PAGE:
I have two options:

  1. Sell the bits that I haven’t really used properly for about the last year. Invest in using my Fuji and analogue film more (although my analogue camera is currently out of order)
  2. Start using them.

Decisions.

What are your thoughts on used cameras? Do you have one? Or more?

japan | hiroshima

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Hiroshima was a strange sort of experience in that it is a city which has carried on with life. It is hard to think that a city which was practically destroyed 70 years ago would still be here and life carried on. I think it is a symbol of the resilience of the human spirit to overcome horrors many of us could only imagine.

We only spent a day in the city but I am glad we did. I feel I would have missed out on a very eye opening experience if I hadn’t. The museum dedicated to the impact of the A-bomb and a continued wish for peace was really interesting as well as quite harrowing.

p.s. the building in the second picture was under where the bomb exploded. Approximately 5 buildings remained standing after the A-bomb went off for a radius of (If I remember) 10 kilometres. So everything in the city centre is new. The islands in the river have been dedicated to a peace memorial park which is quite lovely to stroll around.

packing light – part ii

packing light

I shared my experience of packing with just hand luggage at the beginning of the year but since then I have travelled with just hand luggage to Japan (2 weeks), Crete (10 days), Switzerland (5 days) and a few one or two night trips. I feel like one of my magical skills is now packing a cabin bag for a trip. I even do it in a very short period of time now rather than spending a week putting things aside! I did do one trip to London with a bigger bag so I could bring stuff back and regretted it the whole time I was there!

So, I still do the Konmari packing method (doesn’t it look beautiful!). If I am taking some shirts I would normally hang, I fold and lay them flat on top. On top there is then also space for toiletries, plugs etc.

Having minimised my wardrobe has made packing easier too. I have a limited colour palette (although my summer wardrobe has some extra colour and pattern pieces) which means that mostly everything goes together. I would say you never need more than two pairs of shoes (okay three at a push) and once you have decided what you are taking, get rid of 2-3 pieces. I promise you won’t end up wearing it all! After Japan I realised that I still didn’t wear everything I packed and reduced even more for our next trip (although sitting on a beach for 10 days doesn’t require that much clothing anyway). I suppose the lesson is that you just need to be aware what you are doing. If you are staying with family for five days you don’t need to take an evening dress but probably packing some good pjs which you are happy to walk around the house in is a good idea.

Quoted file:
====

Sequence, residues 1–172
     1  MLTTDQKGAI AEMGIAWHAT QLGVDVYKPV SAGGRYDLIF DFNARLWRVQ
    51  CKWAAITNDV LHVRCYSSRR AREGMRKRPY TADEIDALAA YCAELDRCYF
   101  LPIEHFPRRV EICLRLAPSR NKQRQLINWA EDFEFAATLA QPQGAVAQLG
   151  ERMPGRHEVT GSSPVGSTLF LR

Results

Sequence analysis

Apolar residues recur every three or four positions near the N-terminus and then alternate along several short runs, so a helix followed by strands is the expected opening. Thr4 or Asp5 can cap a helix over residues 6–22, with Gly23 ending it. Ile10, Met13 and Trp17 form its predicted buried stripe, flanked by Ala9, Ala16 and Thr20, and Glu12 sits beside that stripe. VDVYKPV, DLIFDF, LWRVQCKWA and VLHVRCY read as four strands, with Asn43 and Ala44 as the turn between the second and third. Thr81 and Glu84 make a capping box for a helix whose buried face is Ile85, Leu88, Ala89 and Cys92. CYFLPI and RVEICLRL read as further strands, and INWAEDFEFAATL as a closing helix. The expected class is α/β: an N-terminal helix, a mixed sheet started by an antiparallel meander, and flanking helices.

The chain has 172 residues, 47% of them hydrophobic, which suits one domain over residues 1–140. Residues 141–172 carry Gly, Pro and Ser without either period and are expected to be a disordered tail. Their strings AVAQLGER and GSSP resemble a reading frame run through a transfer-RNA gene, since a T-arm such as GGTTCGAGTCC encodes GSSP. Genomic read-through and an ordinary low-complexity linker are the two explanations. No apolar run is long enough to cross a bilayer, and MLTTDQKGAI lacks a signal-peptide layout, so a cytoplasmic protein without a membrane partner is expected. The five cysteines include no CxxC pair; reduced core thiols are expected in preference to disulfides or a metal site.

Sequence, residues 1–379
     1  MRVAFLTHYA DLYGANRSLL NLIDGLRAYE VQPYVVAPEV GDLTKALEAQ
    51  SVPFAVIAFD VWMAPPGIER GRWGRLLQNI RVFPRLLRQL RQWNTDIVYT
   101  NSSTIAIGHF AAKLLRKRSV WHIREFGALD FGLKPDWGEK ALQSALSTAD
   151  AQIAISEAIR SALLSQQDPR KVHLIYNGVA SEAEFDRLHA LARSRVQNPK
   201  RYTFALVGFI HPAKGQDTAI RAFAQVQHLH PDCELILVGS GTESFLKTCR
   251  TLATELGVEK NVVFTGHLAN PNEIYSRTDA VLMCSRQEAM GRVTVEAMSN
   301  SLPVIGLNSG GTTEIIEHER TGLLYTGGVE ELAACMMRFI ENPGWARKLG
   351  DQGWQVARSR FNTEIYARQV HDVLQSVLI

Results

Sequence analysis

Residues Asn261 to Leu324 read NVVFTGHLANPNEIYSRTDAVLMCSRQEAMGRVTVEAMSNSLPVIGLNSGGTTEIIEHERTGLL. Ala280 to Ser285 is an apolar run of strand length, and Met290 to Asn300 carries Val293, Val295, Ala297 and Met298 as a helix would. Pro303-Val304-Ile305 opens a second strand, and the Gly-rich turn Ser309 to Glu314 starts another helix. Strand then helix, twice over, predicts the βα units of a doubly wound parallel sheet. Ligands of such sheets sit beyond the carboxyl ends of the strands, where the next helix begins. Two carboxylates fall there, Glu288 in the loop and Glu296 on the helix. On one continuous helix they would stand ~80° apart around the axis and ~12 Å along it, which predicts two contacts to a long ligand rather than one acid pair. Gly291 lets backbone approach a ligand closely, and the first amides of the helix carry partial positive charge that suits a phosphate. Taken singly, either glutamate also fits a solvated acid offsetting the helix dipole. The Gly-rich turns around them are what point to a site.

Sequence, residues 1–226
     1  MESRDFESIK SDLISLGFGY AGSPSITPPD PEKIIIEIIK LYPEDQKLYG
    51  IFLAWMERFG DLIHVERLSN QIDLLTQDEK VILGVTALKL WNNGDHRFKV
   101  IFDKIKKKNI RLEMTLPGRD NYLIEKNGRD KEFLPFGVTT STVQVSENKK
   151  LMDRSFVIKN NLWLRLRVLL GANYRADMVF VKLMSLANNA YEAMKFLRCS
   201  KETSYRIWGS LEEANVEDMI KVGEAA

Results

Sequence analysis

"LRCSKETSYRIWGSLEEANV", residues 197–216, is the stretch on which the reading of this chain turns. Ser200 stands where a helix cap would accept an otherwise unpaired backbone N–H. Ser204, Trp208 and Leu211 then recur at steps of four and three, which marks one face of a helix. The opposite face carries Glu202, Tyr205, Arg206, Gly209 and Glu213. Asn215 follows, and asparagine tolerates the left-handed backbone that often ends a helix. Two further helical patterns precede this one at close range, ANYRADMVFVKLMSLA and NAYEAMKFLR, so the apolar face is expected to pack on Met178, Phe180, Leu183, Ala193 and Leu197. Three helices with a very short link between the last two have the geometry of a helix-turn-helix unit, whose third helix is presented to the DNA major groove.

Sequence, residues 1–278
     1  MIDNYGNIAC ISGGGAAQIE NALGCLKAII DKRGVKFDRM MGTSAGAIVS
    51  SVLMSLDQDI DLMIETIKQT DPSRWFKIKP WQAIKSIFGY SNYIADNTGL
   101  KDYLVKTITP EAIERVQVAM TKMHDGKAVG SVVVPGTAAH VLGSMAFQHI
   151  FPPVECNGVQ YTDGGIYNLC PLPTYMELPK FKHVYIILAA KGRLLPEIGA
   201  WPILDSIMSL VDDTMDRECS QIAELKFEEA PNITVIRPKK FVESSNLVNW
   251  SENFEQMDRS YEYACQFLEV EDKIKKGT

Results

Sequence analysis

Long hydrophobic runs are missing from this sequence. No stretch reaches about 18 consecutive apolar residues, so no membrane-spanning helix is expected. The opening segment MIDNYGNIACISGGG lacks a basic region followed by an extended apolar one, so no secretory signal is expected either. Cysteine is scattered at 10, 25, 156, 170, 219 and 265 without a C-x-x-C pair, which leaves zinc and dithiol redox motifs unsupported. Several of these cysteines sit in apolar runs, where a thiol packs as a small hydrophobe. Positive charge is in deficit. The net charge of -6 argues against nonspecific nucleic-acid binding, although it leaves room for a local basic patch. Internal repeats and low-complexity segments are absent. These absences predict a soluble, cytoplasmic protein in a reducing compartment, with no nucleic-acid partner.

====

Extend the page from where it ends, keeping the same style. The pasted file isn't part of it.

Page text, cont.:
My breakthrough toiletry piece that I discovered (particularly for flying) is shampoo bars. I picked up a honey shampoo bar from lush which has lasted really well. Along with that is using a normal soap bar for washing too. I don’t know about you but I am so used to using a shower gel that the idea of taking soap on holiday didn’t occur to me for a while!

Also, I did cave and bought a small camera (the FujiFilm x100t) before heading to Japan. I absolutely love it and all the photos since the summer that I have shared on here are I have used that. Carrying a lighter camera around makes such a difference! I used to get so grumpy lugging my big camera around by the end of day and would leave my camera at home some days because of the weight. There are limitations on capturing things (some bits are just too far away with a 35 mm lens) but it is great for city travels especially. If you aren’t big on photography just take your phone. They are so good these days and unless you planning on blowing up a massive picture for your wall they will do just fine for sharing on Instagram and Facebook.

Let me know if you have any other tips, there is always room for improvement!